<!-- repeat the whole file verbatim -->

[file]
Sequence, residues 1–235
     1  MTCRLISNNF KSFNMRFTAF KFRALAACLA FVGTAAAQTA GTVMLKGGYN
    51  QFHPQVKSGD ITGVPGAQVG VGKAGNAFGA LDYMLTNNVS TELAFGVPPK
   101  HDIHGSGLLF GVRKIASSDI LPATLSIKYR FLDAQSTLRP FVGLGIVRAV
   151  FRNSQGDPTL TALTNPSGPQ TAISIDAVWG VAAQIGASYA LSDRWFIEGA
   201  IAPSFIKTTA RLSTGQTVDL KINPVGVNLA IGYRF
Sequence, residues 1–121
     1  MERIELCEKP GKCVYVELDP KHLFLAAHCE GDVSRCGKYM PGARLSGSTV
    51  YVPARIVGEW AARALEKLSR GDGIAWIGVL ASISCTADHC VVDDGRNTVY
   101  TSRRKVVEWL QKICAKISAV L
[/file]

Sequence, residues 1–235
     1  MTCRLISNNF KSFNMRFTAF KFRALAACLA FVGTAAAQTA GTVMLKGGYN
    51  QFHPQVKSGD ITGVPGAQVG VGKAGNAFGA LDYMLTNNVS TELAFGVPPK
   101  HDIHGSGLLF GVRKIASSDI LPATLSIKYR FLDAQSTLRP FVGLGIVRAV
   151  FRNSQGDPTL TALTNPSGPQ TAISIDAVWG VAAQIGASYA LSDRWFIEGA
   201  IAPSFIKTTA RLSTGQTVDL KINPVGVNLA IGYRF
Sequence, residues 1–121
     1  MERIELCEKP GKCVYVELDP KHLFLAAHCE GDVSRCGKYM PGARLSGSTV
    51  YVPARIVGEW AARALEKLSR GDGIAWIGVL ASISCTADHC VVDDGRNTVY
   101  TSRRKVVEWL QKICAKISAV L